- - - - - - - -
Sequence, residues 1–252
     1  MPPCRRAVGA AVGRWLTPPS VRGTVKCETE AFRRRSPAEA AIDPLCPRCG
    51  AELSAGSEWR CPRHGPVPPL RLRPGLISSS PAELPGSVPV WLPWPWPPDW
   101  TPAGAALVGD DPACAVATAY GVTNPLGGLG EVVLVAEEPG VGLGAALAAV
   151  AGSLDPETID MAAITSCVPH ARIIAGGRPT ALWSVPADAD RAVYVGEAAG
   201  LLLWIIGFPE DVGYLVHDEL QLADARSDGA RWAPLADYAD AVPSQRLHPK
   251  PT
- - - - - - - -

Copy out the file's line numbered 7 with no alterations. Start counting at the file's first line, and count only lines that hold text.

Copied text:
   251  PT